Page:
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Things to consider before your wedding bells chime in the US

Immigration Services

Getting married is often one of the most exciting events in a person's life. If you were born and raised (and have been residing) in another country, but plan to come to Kentucky to live when you marry, there may be several challenges in store before your actual wedding day. If you are marrying a U.S. citizen, you'll want to make sure you cover all the legal bases to avoid delays to your entrance into the United States or to avoid facing possible deportation later.

The person you are marrying may be either a born or a naturalized U.S. citizen. Your individual circumstances may affect your application for a green card. U.S. immigration law is highly complex and often changes; therefore, it's always best to know your rights ahead of time and to scout out various networks of support so you have quick access to legal assistance if the need arises.

Immigration regulations that may affect your marriage-based visa

You can gain legal entrance into the United States through many types of visas. If you hope to obtain a marriage-based visa, the following information may be helpful:

  • The length of time it takes to process your application depends on many factors, one of which may be whether you are marrying a person who holds a green card or who is a U.S. citizen.
  • In all circumstances, the legal status of your intended spouse greatly matters.
  • If you plan to wed a U.S. citizen, several types of marriage-based visas may apply to your situation. It often helps to have someone well versed in U.S. immigration law review your options and offer guidance as to which may be the most viable for your particular needs and goals.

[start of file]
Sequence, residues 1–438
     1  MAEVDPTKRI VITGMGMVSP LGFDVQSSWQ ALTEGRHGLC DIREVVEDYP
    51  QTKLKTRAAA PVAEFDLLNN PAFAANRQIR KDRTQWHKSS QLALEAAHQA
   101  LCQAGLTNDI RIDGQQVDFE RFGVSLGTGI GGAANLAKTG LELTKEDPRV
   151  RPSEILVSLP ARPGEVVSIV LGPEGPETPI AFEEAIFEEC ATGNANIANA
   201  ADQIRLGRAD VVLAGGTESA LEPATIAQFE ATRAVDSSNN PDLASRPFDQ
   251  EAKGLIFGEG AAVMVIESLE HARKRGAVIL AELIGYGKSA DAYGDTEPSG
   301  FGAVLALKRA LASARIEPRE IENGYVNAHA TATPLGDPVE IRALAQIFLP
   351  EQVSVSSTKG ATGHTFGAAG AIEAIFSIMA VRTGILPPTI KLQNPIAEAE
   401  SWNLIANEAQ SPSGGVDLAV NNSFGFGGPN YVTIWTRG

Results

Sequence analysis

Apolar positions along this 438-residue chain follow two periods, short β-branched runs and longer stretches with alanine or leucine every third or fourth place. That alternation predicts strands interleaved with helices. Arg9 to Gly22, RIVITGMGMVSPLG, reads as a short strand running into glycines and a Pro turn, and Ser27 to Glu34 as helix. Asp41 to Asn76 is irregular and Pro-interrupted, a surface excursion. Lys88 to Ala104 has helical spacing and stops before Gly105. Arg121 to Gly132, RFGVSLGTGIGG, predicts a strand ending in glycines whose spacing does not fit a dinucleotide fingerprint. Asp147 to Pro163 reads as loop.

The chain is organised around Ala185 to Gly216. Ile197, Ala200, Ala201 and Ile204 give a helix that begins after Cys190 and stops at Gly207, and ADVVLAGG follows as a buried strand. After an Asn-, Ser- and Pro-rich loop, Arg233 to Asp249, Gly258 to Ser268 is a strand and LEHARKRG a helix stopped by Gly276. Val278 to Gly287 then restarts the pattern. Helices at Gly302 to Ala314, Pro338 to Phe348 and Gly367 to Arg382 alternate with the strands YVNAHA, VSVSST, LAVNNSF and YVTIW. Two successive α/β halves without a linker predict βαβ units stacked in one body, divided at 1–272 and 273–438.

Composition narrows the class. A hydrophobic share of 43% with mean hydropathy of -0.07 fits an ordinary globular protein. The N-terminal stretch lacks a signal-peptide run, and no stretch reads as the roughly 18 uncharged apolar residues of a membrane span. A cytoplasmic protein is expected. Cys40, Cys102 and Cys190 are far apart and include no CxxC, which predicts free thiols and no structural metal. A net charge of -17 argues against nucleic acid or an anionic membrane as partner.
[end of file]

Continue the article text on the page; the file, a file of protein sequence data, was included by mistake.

• If you marry a green card holder, your own application will be filed under a limited category with a yearly quota. This may delay your arrival in the United States by several years.
  • It is never a good idea to hide an existing marital status in an attempt to obtain a K1 visa. Doing so places you at great risk for deportation, indefinitely.

It's also crucial to understand that marriage laws in the United States apply to anyone who plans on marrying here or entering the United States as a married immigrant. In Kentucky and all other states, you may only be married to one person at a time. If your country of origin has different marriage laws, it does not mean you can apply for green cards as an additional spouse or for an additional spouse in the United States. Seeking clarification ahead of time of all laws that may pertain to your situation is always best.

Help with immigration issues is available

If a problem does arise, it does not necessarily mean the government will force you to exit the United States or keep you from coming here to get married. Many immigrants ask experienced immigration and naturalization law attorneys for help to overcome legal obstacles that are impeding their abilities to achieve their business or personal goals in the United States.

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